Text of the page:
AMD Company hasn’t made any serious changes in the microarchitecture of their processors for a long time now. This is the primary reason why their processors can’t compete successfully against Intel solutions in the upper price range: the Best AMD products can only perform comparably in the mainstream segment competing against Intel Core i5 and Core i3. However, it doesn’t prevent AMD from winning customers over: the CPUs from this manufacturer can often boast appealing features and affordable price. When they transferred their production to 45 nm technology and introduced Phenom II and Athlon II product families, AMD’s business definitely started to pick up. The price-to-performance ratio offered by many contemporary AMD products is often as good as by their competitors. Besides, Phenom II and Athlon II processors also look very attractive from power consumption and overclocking standpoints.
However, progress is continuous and it is essential that AMD does increase the performance of their products from time to time in order to retain the conquered market positions and to avoid dropping down only to the budget segment. However, keeping in mind that AMD’s top CPU models currently work at 3.2-3.4 GHz frequencies, it might be a little challenging. However, AMD decided to take a different route: instead of increasing the clock speed, they bet on adding more computational cores. As a result, there appeared six-core processors in the mainstream price segment. We have already discussed solutions like that in one of our previous articles devoted to Phenom II X6 1090T and Phenom II X6 1055T. The interesting thing is that these processors have no direct competitors at this moment: Intel is currently offering six-core processors only as an ultra-expensive solution for computer enthusiasts, while AMD, on the contrary, introduces six cores in the mainstream part of the market. And despite their uniqueness, these processors turn out a good choice for multi-threaded applications, such as those used for multimedia content creation and processing. However, six-core AMD processors also have a few shortcomings. Despite the Turbo Core technology that increases their clock frequency when the cores are only partially utilized, they run slower than quad-core Intel CPUs with Hyper-Threading support.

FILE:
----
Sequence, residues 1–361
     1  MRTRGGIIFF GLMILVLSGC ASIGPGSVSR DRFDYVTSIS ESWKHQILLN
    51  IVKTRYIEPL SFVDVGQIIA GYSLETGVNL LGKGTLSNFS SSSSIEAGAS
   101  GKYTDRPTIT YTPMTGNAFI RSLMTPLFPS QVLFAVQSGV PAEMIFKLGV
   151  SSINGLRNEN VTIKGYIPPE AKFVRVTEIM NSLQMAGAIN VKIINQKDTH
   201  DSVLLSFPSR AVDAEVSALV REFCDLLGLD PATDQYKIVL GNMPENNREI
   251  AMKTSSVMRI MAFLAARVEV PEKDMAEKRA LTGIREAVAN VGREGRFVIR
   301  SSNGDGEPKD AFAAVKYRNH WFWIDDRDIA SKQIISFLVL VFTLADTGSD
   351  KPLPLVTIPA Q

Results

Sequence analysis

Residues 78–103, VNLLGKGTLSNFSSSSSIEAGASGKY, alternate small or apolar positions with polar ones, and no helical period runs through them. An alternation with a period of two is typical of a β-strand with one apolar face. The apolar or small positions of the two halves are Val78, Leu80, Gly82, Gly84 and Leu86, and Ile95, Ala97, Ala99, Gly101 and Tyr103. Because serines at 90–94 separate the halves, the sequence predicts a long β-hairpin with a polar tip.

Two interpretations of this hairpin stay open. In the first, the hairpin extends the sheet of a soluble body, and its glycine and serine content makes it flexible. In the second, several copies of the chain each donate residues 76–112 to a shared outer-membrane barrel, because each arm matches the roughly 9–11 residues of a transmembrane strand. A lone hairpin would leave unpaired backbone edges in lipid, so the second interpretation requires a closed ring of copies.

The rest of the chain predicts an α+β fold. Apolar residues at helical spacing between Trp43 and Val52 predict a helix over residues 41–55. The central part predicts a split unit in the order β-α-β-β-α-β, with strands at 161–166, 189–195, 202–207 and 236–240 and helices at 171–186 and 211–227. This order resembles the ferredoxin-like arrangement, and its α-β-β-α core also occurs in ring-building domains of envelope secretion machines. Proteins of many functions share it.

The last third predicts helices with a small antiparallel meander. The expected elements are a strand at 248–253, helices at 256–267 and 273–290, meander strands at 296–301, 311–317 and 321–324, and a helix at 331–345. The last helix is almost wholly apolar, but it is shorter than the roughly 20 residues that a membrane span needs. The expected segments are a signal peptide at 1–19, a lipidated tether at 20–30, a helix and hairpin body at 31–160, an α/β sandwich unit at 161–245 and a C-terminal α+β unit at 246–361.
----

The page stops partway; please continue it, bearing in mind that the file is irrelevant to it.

Nevertheless, we can’t deny that the junior Phenom II X6 model is still very appealing, especially since it is priced at only $200. In other words, this processor doesn’t target Core i7 as its primary competitor right from the start, which makes it a very intriguing choice. Moreover, our first review of Phenom II X6 CPUs revealed their great overclocking potential, which allows to increase their frequency easily to 4.0 GHz. As a result, we decided to return to testing AMD Phenom II X6 processors. Today we will talk about the least expensive six-core CPU in the market – AMD Phenom II X6 1055T. We are going to compare its features against those of its direct competitors, but the primary topic of our today’s article will be the overclocking-related features of this product.